OSU//The Interviews//Andrés Jaque

THE INTERVIEWS JAQUE

To continue with the series OSU//Interviews, I would like to introduce Andrés Jaque, architect founder of the Office for Political Innovation, Advanced Design Professor at Graduate School of Architecture, Planning and Preservation GSAPP Columbia University and Visiting Professor at Princeton School of Architecture. He has recently being awarded with the silver lion to the best research project at the 14th Venice Biennale with the work entitled: “SALES ODDITY. Milano2 and the Politics of Direct-To-Home TV Urbanism”.

His work explores the potential of post-foundational politics and symmetrical approaches to the sociology of technology to rethink architectural practices, a topic very related with the scope of interest of this blog. As an architect currently active in the professional and the academic world, his point of view will be a great addition to the blog’s open discussions:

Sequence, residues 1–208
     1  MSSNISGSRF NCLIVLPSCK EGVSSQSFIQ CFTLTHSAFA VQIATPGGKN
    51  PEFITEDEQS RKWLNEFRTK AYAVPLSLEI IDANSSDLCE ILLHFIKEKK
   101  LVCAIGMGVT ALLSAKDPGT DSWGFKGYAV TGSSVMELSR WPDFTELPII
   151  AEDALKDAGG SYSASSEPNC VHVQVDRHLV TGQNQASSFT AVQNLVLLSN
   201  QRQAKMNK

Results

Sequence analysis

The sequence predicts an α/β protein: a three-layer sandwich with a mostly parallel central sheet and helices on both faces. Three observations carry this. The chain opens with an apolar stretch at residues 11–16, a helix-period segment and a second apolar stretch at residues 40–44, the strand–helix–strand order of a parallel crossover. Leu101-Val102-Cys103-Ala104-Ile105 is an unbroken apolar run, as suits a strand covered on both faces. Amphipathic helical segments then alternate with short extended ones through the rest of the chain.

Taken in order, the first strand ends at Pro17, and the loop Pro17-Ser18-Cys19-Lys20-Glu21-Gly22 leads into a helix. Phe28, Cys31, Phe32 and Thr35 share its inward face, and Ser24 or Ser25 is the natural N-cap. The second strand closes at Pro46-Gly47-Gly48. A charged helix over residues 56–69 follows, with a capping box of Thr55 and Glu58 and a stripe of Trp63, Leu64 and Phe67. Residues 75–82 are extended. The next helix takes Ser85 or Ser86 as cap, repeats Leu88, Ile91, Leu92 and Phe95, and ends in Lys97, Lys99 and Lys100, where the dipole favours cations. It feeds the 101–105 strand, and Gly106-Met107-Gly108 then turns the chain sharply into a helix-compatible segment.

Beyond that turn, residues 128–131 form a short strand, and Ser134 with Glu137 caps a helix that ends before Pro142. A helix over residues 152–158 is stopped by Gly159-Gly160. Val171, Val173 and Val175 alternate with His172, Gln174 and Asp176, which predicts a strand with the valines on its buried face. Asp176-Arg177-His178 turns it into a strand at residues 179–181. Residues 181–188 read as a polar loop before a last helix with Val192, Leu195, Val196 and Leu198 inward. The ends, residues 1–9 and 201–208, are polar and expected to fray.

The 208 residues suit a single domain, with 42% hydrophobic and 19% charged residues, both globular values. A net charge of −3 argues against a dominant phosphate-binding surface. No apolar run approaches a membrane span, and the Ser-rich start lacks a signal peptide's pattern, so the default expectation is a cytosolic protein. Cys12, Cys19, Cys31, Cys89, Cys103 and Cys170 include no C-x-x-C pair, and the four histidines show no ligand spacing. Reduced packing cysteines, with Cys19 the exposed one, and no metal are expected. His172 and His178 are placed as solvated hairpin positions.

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Sites of contestation

sites of contestation

The following article is a collaboration I recently wrote with Diana Cristóbal, MsAAD Columbia Graduate and Adjunt Assistant Professor at the same school, taking as a base the idea explained in the article “The Shared Space” and developing further to analyze the relationship between social and architectural implications of the citizen’s protests around the globe: